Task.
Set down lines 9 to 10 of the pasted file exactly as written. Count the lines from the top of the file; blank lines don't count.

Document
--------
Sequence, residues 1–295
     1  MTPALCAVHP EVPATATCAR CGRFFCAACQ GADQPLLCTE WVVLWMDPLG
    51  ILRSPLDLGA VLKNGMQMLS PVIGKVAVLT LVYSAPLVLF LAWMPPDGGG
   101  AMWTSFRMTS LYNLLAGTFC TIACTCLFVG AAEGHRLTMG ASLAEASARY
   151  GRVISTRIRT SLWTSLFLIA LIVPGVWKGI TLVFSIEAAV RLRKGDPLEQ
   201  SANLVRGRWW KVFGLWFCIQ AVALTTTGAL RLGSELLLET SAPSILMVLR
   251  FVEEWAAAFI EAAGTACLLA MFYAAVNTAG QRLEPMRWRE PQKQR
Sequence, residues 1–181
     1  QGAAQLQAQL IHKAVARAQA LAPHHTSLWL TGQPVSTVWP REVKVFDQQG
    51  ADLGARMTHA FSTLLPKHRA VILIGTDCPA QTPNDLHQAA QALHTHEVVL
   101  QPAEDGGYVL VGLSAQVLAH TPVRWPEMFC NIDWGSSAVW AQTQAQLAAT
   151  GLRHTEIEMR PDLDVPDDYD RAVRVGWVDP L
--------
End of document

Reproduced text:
     1  QGAAQLQAQL IHKAVARAQA LAPHHTSLWL TGQPVSTVWP REVKVFDQQG
    51  ADLGARMTHA FSTLLPKHRA VILIGTDCPA QTPNDLHQAA QALHTHEVVL